What is essential to Man? Since he achieves both a vegetative life he nourishes itself, he grows and diesan animal life he moves and perceives and is able to reason, we must work out what function is specifically human.
In that respect, a gentleman is the state of a man, where the man performs his social duties or function in the best way he can, that is, in accord with the social standard of what a man is supposed to do and by inference, to be. Man belongs to the genus of beings, to the living beings, to the vegetative beings, to animals and is eventually a rational animal.
So being a genuine human consists in actualizing what makes a Man a Man. For example, a Man who would only eat, move and grow would have the same kind of life than an animal4. Thus, being human consists in actualizing reason as much as possible. How can we be sure to be inclined to do reasonable things?
Acting in accord with virtue is also about acting thanks to an habit we had develop by repeating the excellent actions. Moreover, since Man belongs to several genuses, there are as many ways of actualizing reason as there are functions, that Man is capable of realizing.
That is why Aristotle talks about the part of the soul, which is purely rational and the part of the soul, which can only be rational to the extent it obeys to reason. For instance, it is possible to actualize pure reason by theoretical contemplation, but also either by being bold, that is, choosing rationally to stand against the enemy during a battle, or by working out what kind of food we can eat, in which quantity, or when we can party and eat without moderation.
In that respect, the human good is the activity of the soul in accord with virtue, that is to say, the kind of activity involving acts, which match with the proper rational criteria5, since rationality is the human specific virtue.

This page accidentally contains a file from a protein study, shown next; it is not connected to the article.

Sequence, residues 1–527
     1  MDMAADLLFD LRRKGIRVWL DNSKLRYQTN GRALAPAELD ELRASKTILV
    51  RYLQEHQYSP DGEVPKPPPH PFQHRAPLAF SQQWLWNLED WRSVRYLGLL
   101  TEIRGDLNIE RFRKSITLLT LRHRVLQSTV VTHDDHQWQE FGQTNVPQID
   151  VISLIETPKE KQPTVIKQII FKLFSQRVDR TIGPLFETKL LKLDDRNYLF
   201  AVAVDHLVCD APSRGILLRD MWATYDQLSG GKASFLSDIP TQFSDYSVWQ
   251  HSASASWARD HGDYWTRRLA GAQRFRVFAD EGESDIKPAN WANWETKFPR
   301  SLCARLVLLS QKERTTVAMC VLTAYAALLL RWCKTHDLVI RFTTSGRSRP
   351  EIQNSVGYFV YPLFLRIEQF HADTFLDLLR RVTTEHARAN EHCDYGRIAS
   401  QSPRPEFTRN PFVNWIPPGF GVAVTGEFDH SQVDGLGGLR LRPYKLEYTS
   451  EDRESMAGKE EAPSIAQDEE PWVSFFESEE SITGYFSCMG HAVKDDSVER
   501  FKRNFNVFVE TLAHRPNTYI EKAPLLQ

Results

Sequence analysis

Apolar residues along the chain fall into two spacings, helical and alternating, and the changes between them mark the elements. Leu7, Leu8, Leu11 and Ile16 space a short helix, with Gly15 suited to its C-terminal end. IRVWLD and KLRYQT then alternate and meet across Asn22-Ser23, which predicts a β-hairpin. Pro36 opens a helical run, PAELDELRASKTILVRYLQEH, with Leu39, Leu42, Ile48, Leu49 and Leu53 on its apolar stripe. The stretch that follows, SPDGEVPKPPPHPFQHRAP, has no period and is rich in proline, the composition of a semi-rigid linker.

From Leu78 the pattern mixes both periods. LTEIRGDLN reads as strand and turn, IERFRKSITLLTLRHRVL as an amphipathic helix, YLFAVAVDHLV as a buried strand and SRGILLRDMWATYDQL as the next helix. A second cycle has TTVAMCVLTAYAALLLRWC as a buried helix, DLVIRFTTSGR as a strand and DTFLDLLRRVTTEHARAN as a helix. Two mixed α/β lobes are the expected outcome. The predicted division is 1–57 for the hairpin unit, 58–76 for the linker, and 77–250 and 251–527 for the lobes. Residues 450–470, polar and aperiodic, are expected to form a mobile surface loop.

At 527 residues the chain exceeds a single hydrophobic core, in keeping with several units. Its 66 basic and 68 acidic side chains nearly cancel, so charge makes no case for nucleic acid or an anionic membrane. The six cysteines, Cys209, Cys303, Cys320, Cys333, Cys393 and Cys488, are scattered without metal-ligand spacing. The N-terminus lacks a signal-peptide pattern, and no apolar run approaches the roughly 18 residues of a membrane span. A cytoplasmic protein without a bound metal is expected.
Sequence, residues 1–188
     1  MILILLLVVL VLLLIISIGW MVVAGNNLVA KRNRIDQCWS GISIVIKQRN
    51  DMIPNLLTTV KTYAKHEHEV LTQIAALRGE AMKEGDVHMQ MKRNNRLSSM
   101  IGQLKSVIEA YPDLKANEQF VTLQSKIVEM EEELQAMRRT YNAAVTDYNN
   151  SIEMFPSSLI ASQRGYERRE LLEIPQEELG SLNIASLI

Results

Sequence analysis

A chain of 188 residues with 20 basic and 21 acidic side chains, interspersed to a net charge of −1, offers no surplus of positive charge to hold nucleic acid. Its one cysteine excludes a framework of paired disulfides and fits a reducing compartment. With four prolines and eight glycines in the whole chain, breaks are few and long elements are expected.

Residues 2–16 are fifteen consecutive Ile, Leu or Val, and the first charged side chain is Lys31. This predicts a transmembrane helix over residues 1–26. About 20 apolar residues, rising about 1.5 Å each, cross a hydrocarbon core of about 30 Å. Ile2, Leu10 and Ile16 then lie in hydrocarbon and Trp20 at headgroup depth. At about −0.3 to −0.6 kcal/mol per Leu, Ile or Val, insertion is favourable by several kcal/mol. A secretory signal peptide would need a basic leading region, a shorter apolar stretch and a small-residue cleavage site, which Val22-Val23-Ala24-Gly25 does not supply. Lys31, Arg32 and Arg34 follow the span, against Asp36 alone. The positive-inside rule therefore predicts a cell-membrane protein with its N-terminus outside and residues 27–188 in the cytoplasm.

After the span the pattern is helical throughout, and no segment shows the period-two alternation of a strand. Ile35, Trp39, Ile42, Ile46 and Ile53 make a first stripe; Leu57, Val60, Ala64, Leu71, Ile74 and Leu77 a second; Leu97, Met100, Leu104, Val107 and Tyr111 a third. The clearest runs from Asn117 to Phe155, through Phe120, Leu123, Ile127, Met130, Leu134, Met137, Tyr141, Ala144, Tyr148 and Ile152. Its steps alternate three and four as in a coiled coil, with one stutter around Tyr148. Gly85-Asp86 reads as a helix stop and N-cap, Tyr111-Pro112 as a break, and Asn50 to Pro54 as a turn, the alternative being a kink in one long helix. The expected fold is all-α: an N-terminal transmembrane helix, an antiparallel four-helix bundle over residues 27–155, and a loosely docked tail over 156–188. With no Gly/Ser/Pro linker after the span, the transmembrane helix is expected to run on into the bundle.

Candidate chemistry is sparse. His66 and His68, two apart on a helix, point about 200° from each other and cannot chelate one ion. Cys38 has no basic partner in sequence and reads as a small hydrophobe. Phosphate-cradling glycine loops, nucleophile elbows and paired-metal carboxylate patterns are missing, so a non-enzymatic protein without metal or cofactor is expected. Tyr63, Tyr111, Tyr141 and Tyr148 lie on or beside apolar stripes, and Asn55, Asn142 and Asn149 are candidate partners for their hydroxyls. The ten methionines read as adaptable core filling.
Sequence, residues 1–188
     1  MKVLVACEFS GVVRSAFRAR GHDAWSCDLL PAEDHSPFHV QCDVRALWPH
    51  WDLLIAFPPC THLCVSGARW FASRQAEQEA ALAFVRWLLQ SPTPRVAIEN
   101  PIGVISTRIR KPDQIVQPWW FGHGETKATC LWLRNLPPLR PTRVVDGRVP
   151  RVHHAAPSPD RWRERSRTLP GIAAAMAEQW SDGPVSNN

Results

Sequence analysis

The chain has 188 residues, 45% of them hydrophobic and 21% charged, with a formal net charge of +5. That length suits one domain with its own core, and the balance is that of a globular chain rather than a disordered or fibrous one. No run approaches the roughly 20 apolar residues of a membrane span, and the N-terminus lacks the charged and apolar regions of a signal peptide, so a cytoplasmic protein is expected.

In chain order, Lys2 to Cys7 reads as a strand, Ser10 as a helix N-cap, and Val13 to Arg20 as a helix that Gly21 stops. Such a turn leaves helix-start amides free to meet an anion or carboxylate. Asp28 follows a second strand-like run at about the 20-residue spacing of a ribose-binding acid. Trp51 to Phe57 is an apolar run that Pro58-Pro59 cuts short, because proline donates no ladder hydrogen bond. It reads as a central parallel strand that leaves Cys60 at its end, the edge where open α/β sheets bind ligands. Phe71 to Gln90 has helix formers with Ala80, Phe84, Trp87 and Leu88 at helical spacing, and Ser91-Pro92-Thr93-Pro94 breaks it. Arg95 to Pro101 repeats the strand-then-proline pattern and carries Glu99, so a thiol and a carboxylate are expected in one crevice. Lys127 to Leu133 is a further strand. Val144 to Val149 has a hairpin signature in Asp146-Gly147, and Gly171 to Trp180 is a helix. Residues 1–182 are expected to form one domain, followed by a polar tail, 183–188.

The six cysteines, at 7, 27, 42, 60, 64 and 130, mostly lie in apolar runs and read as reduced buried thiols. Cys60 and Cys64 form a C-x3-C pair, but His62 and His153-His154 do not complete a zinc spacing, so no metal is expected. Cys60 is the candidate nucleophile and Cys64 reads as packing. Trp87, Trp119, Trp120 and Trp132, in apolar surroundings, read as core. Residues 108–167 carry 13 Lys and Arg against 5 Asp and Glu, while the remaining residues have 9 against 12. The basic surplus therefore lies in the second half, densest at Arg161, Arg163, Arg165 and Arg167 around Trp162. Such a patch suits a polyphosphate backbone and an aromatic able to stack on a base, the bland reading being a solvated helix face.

Several questions, however, still remain. Is reason the real specificity of Man?For human beings in general, Aristotle suggests that the ultimate end or good is happiness, and that happiness itself is living in accordance with reason and virtue.
He arrives at this conclusion by differentiating the function of human beings from the function of all other living things. Like Plato and Socrates he emphasized the importance of reason for human happiness, The Aristotelian Ethics all aim to begin with approximate but uncontroversial starting points.
Reason and Human Good in Aristotle. Cambridge: Harvard University Press.
In Aristotle's works, eudaimonia (based on older Greek tradition) was used as the term for the highest human good, and so it is the aim of practical philosophy, including ethics and political philosophy, to consider (and also experience) what it really is, and how it can be achieved.
We have defined happiness formally as the complete and sufficient good for a human being. But there are many different views of what sorts of life satisfy this formal definition.
Aristotle specifically mentions the life of gratification (pleasure, comfort, etc), the life of money-making, the life of (political) action, and the philosophical. The ultimate good of man should naturally flow from performing his function well; therefore, as Aristotle theorizes, "the Good of man [and, by extension, the definition of happiness] is the active exercise of his soul's faculties in conformity with excellence or virtue, or if there be several human excellences or virtues, in conformity with the.
In the quest to find out what is the ultimate human good, Aristotle dedicated Book 1 of the Nicomachean Ethics to provide an account of what is the ultimate human good, and what it consists of. This essay will examine why Aristotle thinks that eudaimonia (happiness), is the ultimate human good.